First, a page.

Graffiti is Vandalism Essay
Graffiti is Vandalism
While some people consider graffiti to be an art form, most people think of it as vandalism. It is destructive, costly, chaotic and repulsive. It is also done without the consent of the property owners, whether private or public. Some graffiti also contain words, images or representations of ideologies that are offensive and derogatory to many people. There are other creative outlets that can express one’s feelings without destructive effects; thus, these vulgar forms of art have no place in a civilized society.
Graffiti is Vandalism In 1994, an 18-year-old American, Michael Fay, was flogged or caned in Singapore for vandalism after spray painting several cars, stealing signs and switching license plates. It was the first time that an American had been caned in Singapore, so international media coverage was heavy. Even President Bill Clinton tried to intervene to lighten the sentence. But in the end, the flogging continued since many Americans themselves publicly supported the harsh punishment.
As New York’s Daily News reports, 99% of its readers, who responded to Mike Royko’s article about Fay, favored flogging and thought that graffiti and vandalism were serious problems in the United States that were being treated too lightly by the authorities. Many Americans even called the Singapore Embassy in Washington expressing their support for the Singapore government’s harsh decision. Indeed, graffiti is vandalism because it is unsightly, destructive, done without the consent of the property owner and often expresses ideas, either in symbols or words, that are offensive and disrespectful to many people.
Graffiti creates a very unattractive atmosphere while destroying property. While some people, especially the perpetrators, think that it is art and an avenue for expression, there are many other ways to communicate one’s grievances or frustrations in a truly artistic way. They can paint their thoughts on a canvass and frame it. They can draw and doodle on notebooks, sketch pads or even simple pieces of paper. They can write a blog on free Internet sites such as Google’s Blogspot. Rebels can even sing or rap a song all day and all night.
And if they are up to it, they can also join a drama club and act out their frustrations, an avenue that many professional actors discovered that allows them to express themselves creatively without physical destruction to property. However, if they use a spray can to paint “art” on a wall, a car, a house or any public or private property, without the consent of the owners, then they are ruining other people’s treasures. It will cost the owners a lot of money to repair or replace the damage that was caused if they can even afford to repair or replace it in the first place.
Many public places do not have the budget or the funds to fix any damage perpetrated by graffiti vandals. Thus, graffiti on public places are sometimes left alone, which simply annoys the people in the affected community. Some of the ideas expressed in graffiti are also vulgar, hateful or simply offensive. While some graffiti depict expressions of love, others draw human genitals or describe lustful fits of emotion or physical intercourse without restraint or disgust. Perpetrators may also draw or spray paint gang signs showing their sovereignty in a certain territory.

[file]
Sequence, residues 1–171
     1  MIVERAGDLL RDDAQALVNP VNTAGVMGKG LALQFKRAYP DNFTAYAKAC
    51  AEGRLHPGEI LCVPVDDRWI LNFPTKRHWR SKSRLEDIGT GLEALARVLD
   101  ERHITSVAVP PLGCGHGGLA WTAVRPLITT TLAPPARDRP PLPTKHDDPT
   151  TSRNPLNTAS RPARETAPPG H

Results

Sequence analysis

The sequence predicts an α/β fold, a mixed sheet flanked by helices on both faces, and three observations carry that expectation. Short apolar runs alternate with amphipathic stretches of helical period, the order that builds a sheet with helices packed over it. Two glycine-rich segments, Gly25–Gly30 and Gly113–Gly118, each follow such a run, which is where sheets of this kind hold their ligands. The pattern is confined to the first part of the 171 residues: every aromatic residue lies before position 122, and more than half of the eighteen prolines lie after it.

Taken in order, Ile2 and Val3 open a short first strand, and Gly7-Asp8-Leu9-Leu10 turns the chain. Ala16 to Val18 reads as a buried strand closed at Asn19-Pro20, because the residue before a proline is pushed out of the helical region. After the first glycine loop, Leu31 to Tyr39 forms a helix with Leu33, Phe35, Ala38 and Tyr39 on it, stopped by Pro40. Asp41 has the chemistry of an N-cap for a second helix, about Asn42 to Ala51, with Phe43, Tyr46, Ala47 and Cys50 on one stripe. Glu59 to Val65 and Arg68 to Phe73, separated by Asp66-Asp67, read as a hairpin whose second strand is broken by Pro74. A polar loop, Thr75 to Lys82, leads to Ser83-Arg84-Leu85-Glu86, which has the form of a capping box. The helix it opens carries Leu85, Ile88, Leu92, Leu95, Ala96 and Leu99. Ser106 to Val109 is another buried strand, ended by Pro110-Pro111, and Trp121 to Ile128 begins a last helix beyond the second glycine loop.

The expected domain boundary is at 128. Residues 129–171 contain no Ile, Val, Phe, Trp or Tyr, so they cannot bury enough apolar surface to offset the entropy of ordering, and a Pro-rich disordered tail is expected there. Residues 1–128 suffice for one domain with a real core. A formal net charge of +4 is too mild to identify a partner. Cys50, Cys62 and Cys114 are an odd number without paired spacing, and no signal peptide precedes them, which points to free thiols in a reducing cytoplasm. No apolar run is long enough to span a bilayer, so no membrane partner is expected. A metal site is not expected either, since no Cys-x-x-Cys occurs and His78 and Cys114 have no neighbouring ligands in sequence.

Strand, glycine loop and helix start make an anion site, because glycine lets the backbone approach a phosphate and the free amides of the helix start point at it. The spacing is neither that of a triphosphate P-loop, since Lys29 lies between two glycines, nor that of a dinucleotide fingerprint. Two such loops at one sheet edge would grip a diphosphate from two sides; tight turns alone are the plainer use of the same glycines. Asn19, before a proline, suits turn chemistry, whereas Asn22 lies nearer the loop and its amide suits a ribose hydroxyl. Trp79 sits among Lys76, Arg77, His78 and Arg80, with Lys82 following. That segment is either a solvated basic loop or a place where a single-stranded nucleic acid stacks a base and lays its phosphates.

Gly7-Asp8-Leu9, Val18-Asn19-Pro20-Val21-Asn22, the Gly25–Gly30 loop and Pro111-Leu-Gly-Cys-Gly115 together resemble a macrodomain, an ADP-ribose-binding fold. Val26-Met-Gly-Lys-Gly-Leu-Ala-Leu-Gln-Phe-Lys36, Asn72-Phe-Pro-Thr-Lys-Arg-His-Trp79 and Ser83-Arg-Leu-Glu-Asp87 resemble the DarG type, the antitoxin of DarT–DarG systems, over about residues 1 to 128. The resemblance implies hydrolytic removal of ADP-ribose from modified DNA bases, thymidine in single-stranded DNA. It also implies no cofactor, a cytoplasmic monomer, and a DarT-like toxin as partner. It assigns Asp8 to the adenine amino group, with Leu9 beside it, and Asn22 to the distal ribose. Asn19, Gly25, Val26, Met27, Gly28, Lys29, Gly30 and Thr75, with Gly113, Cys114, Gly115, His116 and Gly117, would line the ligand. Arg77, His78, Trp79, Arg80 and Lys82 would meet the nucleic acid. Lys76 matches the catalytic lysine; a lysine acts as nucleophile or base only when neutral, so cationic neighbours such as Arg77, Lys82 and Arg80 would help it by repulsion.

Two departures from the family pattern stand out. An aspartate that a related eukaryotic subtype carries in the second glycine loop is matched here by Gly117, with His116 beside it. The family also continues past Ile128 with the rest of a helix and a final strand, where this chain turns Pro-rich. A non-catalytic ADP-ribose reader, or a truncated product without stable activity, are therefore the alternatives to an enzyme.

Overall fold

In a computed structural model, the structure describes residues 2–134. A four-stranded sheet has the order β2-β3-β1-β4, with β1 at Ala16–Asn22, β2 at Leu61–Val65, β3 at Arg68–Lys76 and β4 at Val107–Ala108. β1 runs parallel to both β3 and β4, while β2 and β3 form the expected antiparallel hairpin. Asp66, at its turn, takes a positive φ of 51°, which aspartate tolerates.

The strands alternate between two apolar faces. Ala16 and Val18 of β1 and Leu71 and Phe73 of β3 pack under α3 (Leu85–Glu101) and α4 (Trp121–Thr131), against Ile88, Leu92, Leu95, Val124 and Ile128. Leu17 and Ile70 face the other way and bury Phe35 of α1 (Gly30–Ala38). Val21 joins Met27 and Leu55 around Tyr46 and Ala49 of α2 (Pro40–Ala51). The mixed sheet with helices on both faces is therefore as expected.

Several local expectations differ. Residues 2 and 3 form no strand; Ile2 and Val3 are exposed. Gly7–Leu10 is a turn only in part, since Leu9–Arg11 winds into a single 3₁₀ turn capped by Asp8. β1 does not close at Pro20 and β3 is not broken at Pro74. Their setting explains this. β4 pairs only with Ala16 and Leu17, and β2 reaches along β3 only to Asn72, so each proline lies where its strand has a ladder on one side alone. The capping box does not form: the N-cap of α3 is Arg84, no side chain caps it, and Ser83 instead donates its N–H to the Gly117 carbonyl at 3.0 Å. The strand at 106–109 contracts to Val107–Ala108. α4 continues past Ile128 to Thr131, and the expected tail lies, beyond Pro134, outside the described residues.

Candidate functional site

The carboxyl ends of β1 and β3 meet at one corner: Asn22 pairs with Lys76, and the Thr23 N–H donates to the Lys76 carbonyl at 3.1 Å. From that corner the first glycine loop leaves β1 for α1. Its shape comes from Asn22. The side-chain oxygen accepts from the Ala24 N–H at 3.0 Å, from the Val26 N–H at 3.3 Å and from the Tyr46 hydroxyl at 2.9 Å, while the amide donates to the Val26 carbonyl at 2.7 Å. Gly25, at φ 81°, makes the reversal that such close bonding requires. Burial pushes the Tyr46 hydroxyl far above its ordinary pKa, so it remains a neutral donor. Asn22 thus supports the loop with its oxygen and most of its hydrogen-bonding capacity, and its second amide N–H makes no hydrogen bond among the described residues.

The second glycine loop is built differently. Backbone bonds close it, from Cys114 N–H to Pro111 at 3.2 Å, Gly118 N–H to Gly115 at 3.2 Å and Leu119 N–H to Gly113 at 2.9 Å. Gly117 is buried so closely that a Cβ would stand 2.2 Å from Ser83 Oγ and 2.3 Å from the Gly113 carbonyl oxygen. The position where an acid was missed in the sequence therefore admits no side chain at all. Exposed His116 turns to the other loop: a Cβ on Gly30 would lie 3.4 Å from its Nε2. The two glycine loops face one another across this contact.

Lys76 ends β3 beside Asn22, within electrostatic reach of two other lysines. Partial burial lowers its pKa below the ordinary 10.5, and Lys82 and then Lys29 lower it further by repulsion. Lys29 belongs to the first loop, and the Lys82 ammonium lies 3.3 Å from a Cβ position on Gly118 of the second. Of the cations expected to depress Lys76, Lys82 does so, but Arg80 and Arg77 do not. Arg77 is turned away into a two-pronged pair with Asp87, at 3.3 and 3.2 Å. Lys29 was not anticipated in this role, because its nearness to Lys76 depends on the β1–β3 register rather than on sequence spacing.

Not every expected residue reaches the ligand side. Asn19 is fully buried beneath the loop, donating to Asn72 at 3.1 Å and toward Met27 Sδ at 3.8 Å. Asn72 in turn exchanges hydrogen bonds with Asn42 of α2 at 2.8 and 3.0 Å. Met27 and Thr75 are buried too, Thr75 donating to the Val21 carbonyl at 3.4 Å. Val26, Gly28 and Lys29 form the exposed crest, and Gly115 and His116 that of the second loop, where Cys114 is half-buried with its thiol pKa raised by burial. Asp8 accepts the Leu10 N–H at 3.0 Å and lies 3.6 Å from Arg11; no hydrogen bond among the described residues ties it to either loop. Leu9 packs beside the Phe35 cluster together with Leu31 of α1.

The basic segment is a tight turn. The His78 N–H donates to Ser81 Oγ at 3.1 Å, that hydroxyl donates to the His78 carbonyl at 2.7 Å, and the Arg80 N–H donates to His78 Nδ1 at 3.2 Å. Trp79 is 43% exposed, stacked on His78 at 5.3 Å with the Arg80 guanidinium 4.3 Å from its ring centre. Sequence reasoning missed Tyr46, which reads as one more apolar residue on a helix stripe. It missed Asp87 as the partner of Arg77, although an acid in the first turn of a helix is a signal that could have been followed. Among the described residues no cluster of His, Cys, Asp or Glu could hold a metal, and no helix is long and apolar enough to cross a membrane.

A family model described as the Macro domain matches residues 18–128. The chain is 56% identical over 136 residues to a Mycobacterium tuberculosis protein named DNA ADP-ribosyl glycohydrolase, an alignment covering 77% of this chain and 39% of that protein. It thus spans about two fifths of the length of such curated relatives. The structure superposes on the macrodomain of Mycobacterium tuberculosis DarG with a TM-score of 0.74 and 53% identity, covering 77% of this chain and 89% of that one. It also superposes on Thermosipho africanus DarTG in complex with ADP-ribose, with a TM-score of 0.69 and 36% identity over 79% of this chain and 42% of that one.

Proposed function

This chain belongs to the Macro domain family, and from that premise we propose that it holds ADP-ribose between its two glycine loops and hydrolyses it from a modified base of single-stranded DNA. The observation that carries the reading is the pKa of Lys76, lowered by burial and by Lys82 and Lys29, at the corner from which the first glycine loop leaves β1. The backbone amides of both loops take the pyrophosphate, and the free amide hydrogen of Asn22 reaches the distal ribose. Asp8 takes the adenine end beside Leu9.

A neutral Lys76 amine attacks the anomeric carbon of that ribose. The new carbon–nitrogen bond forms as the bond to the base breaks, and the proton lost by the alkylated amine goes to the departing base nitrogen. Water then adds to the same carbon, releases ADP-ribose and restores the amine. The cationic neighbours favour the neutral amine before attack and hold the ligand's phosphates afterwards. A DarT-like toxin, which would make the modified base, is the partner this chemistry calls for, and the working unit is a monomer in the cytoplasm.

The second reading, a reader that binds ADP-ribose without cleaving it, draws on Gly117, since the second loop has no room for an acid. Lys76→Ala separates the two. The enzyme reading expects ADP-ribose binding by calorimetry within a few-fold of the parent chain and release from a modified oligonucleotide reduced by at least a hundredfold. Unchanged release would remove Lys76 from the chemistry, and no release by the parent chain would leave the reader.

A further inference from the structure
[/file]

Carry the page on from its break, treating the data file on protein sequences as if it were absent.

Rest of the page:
They may also display symbols of hatred and oppression reminiscent of Hitler’s reign in Nazi Germany. Or they may write racist words that describe people of color. Again, these may be forms of art to people like Hitler, the Ku Klux Klan or street gangs like the Bloods and the Crypts, but for most people, it is rubbish. People simply don’t want to live in a city where they see graffiti all over public transportation, walls, rest rooms, benches, monuments or other forms of property. Even a boulder in a national park deserves respect.
Sometimes, people even carve words and symbols on trees or spray paint boulders just for personal pride. Sometimes tourists feel the urge to prove that they were there or to literally make their mark at a special place that they visited. But it doesn’t really prove anything more than the fact that they are vandals. If they truly want to impress others about their trip, they should take only pictures instead of vandalizing the natural environment. In China, graffiti is also used for political propaganda.
As the BBC reports, in the 1920s, Mao Zedong, China’s communist founder and revolutionary, used graffiti in the form of slogans and paintings to spread his ideology. He even wrote a graffiti containing 4,000 characters, a world record, criticizing China’s terrible societal status and the teachers he had who contributed to it. He later caused much bloodshed, upheaval and suffering among the Chinese people, and it was only later, starting from Deng Xiaoping who reformed China’s economy with a capitalist model, that the country started to progress.
Some current Chinese communist party members use a “legalized” graffiti wall in Beijing that supposedly allows artists to express their feelings. However, local residents claim that it is not real graffiti; they say it is just a bunch of paintings on a wall that depict the party’s propaganda, mimicking the old Mao techniques used in the early days of the revolution. In the end, while some people consider graffiti to be an art, most people think that it is malicious vandalism.
Public places and private property will all look much better if it is non-existent. Money will not be wasted in fixing it, and people don’t have to be offended by words or images that show the animalistic side of men. There are other ways to express feelings and emotions creatively, and these other avenues are the path to a better life and a livable world. References Chen, Dandan. (2007). “In pictures: Graffiti artists in Beijing. ” BBC News. Royko, Mike. (1994, Mar 30). “Readers get ‘behind’ flogging of vandal. ” Daily News.